Future of Work Insights

All aboard: successful onboarding strategies

6 minute read time

Onboarding new recruits has been a challenge during the pandemic. Here are some guiding principles to help businesses manage the process more effectively.

As 2020 and the Covid-19 pandemic ushered in unprecedented changes around the world, the impact of the crisis on our working practices was profound.

Much of the conversation has focused on the economic damage, but the pandemic has been life altering for the workforce.

Indeed many of the discussions focused on the benefits of remote and flexible working. But while established team members may have welcomed working from home, what has been the effect on those onboarding into a virtual workspace?

Geraldine Butler-Wright is the chief people and culture officer (CPO) at Healthily, the artificial intelligence self-care app that launched in 2015 and has just secured $30m (£23m) investment to expand the platform. She says recruitment hasn’t stopped during the pandemic.

“The key is going back to basics,” she says, adding that effective, clear communication is a must, alongside managing timelines and steps in the process. “It’s a challenging time, especially with so many on the lookout for new opportunities. Providing a speedy and meaningful candidate experience has never been more important.”

Making time for new recruits

For Butler-Wright, the ethos surrounding onboarding new recruits should be consistent, no matter what the age or experience of the candidate.

“I’d argue that nurturing talent and helping new recruits feel a part of our company from the get-go isn’t exclusive to being younger. Ultimately, it’s about being a good human and making time for people. Asking how someone is doing and actually listening to their answer. It’s about ensuring that people are clear on what we are doing as a business, how our goals are relevant to what they do and being transparent.”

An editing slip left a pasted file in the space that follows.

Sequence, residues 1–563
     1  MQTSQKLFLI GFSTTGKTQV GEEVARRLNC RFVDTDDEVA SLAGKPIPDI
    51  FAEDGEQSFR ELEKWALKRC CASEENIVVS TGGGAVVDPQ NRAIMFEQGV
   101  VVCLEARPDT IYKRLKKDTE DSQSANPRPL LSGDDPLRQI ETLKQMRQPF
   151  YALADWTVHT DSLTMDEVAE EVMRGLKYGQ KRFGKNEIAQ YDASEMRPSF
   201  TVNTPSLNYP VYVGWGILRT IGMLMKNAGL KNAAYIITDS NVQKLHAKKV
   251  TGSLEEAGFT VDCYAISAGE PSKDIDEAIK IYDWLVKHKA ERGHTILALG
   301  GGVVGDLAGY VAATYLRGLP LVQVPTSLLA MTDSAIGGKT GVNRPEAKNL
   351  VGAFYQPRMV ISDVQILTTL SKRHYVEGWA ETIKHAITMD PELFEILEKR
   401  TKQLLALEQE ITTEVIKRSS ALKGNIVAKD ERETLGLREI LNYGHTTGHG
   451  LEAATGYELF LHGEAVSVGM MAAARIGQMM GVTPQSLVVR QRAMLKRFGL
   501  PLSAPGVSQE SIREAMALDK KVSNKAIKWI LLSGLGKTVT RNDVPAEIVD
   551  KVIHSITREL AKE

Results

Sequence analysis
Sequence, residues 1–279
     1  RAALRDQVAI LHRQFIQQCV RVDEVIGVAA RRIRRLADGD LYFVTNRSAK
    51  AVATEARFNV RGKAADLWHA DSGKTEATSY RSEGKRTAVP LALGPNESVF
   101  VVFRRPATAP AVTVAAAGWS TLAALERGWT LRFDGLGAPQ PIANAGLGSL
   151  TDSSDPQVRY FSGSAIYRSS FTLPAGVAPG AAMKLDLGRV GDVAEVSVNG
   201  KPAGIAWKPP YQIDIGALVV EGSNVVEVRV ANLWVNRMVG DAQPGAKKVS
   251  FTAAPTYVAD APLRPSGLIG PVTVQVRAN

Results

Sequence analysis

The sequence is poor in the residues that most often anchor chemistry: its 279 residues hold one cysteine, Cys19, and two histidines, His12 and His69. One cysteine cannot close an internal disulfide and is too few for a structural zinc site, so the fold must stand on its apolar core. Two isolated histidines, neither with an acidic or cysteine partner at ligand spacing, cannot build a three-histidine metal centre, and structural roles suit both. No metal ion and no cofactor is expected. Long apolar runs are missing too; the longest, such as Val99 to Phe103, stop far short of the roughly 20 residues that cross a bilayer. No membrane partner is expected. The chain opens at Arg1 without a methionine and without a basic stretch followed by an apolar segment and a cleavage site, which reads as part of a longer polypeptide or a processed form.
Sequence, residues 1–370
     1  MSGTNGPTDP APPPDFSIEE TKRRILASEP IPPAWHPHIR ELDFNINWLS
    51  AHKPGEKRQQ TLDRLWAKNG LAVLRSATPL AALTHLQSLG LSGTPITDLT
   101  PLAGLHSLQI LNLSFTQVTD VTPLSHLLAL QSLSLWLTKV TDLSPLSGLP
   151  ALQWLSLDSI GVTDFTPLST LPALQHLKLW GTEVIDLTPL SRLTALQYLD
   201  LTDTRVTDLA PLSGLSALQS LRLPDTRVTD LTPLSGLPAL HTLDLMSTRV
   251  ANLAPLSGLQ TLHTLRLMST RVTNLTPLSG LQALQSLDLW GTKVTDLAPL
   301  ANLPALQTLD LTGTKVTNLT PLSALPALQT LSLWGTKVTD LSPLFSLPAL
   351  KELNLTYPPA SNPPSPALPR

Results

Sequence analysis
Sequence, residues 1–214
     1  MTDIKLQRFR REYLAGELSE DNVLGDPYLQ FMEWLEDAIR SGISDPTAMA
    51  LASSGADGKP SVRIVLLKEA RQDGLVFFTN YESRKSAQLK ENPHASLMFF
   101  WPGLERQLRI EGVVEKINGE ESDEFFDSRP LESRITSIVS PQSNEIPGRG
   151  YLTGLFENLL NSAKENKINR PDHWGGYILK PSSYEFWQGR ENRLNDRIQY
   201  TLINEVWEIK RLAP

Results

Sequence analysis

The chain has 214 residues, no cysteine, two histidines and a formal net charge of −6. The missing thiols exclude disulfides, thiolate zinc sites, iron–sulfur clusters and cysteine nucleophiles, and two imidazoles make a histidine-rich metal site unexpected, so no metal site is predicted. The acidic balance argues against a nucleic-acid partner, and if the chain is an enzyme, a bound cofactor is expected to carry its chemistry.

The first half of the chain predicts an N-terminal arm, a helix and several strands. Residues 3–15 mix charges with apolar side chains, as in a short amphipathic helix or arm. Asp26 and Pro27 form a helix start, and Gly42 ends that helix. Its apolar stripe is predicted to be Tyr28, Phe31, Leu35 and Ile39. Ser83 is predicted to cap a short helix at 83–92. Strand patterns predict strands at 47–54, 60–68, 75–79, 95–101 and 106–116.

“Do not be tempted to take advantage of a large candidate pool and offer lower salaries. Think long term, know the ‘usual’ market rate and compensate fairly”

Geraldine Butler-Wright, chief people and culture officer, Healthily

Healthily has adopted a strategy designed to keep all team members united while working remotely. This includes the recording of the leadership team meeting and ‘water-cooler moments’, where senior management open up times in their calendars for remote informal meetings.

Butler-Wright explains there is a holistic approach to welcoming new ‘Healthilies’.

“Each new starter undertakes an onboarding programme where they meet team members from each department to help them orientate about how we do things around here. There are fortnightly ‘pizza meetings’ to welcome new starters, and we strongly encourage teams to take time in their schedule to actually have some fun together and get to know each other,” she says. This could be “playing a computer game with the team over a lunch break or having a virtual brew (alcoholic or not) at the close of the week”.

A structured approach

Business coach Roger Dentoni says there are some positive changes to come out of remote working, but all companies need to ensure there is a structured approach to onboarding in this climate. “Being physically present is how you learn a company’s vision and culture. It is also how you learn the culture of your particular industry,” he says. “It’s also important from the perspective of a company, as having your new recruits predominately working remotely could be like employing a contractor for specific tasks, as opposed to investing in someone that will carry the values and vision of your company.”

“New starters are missing out on mentoring. They will not learn from the diversity of a team. They will not get to choose from a pool of role models that the traditional office has. They will miss out on those experiences you can only get by being physically present and looking at your peers in action.”